Injectable wrinkle fillers can give you a more youthful look for a fraction of what a traditional facelift costs. Most will fill hollows, lines, and wrinkles in less than 30 minutes with results that can last from 4 months to more than a year.
Injectable wrinkle fillers, unlike Botox injections that relax the muscle under a wrinkle, fill the line, crease, or area with one of several different substances. As a result, trouble spots nearly disappear.
Wrinkle fillers can also be used as "volumizers," plumping and lifting cheeks, chins, jawlines, and temples; filling out thin lips, and plumping sagging hands.
Not every wrinkle-filler is right for every type of wrinkle. The least risks and best results come from using the right one correctly. That's why you should only have fillers injected by a board-certified dermatologist or plastic surgeon with ongoing, special training.
Here is a breakdown of available wrinkle fillers. It includes their basic ingredients, how they work, their pros and cons, and the best areas for treatment. Your doctor can help you choose the right one for you.
The most popular category of wrinkle fillers is hyaluronic acid. Each type works in a slightly different way with varying results.
How long the results last varies from several months to over a year or two. Some research shows that repeated injections may help stimulate the body's own natural production of collagen. That will help reduce the number of lines and wrinkles. There is also some evidence that less filler is needed over time to achieve the same look.
Hyaluronic acid wrinkle fillers include:
Juvederm Voluma XC
Juvederm Ultra XC
Juvederm Volbella XC
Juvederm Ultra Plus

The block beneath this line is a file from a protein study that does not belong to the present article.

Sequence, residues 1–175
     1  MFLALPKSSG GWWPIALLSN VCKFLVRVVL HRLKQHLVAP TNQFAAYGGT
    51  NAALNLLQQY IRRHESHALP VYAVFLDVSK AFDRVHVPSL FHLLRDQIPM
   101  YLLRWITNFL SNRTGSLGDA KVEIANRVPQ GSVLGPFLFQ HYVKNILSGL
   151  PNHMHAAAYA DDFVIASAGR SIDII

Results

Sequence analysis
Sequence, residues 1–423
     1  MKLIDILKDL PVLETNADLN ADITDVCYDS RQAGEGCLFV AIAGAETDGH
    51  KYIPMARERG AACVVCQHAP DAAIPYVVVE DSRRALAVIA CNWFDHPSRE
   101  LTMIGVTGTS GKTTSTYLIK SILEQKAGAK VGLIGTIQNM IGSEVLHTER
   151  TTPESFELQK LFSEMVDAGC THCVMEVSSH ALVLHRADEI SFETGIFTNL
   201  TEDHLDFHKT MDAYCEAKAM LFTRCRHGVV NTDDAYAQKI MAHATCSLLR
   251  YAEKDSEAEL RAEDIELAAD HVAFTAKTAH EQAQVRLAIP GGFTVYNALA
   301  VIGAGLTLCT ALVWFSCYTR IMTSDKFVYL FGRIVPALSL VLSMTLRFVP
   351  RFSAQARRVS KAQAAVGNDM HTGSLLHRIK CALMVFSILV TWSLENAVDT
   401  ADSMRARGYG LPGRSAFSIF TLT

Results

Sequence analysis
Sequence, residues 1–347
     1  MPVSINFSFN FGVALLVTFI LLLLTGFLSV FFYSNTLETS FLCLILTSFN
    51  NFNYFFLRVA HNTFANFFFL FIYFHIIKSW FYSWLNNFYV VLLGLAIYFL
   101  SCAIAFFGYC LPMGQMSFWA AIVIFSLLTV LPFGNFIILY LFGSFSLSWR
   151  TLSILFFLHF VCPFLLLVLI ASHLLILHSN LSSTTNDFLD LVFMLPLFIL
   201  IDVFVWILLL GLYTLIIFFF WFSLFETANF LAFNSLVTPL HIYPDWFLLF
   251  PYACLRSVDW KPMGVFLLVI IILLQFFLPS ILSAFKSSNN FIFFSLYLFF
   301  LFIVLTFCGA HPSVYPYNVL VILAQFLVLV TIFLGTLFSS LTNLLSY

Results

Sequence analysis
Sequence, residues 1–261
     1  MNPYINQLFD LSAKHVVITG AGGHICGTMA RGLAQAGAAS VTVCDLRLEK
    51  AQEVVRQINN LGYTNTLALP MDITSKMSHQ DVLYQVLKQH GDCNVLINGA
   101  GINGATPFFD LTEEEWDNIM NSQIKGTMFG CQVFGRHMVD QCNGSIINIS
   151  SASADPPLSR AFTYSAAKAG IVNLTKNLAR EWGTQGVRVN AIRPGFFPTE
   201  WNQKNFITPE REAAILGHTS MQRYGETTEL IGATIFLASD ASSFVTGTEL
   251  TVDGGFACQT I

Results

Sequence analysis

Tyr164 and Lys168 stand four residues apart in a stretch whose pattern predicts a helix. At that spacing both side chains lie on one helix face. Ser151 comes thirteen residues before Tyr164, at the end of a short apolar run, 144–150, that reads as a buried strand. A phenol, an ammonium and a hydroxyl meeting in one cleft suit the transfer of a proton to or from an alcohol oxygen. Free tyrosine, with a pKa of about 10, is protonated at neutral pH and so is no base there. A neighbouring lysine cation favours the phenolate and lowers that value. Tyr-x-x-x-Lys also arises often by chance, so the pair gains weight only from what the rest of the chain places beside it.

Juvederm Vollure XC
This smaller category of wrinkle fillers includes lab-made substances that are not related to anything found naturally in the skin.
All the fillers in this group have similar side effects, such as redness, swelling, or bruising at the site of the injection. Other side effects include nodules or bumps under the skin that can be seen and felt and that, in rare instances, may require surgery to remove.
The benefits include a longer-lasting effect. And at least one filler offers semi-permanent filling of lines and creases.
Synthetic wrinkle fillers include:
Scientists made the first wrinkle fillers from a purified form of collagen extracted mostly from cows. Although it worked well and offered a natural-looking fill, the results didn't last long. Most collagen injections began to break down as early as 1 month after treatment. Because these wrinkle fillers were made from an animal source, they also had a higher rate of allergic reaction and required allergy testing beforehand.
New ways of processing the collagen have helped lower the risks. Plus, new forms of synthetic collagens are making these injections safer and more useful to a wider range of people. Although the results don't last as long as other wrinkle fillers, many believe the results are more natural looking.
Collagen injections include:
Fat is the most commonly used substance in this category. Your own fat is surgically removed from your thighs, buttocks, or stomach, treated, then injected. You will need to have two procedures (one to remove the fat and one to inject it). Both procedures can be done in one visit. Additional fat purification steps done in the lab can be costly and time-consuming. Results can be semi-permanent, although you may need a series of injections done over time.
Platelet-rich plasma injections (“vampire lift”) are another type of autologous wrinkle filler/volumizer. Blood is drawn from the arm, treated, then injected into the face. The effects can last 12 to 18 months.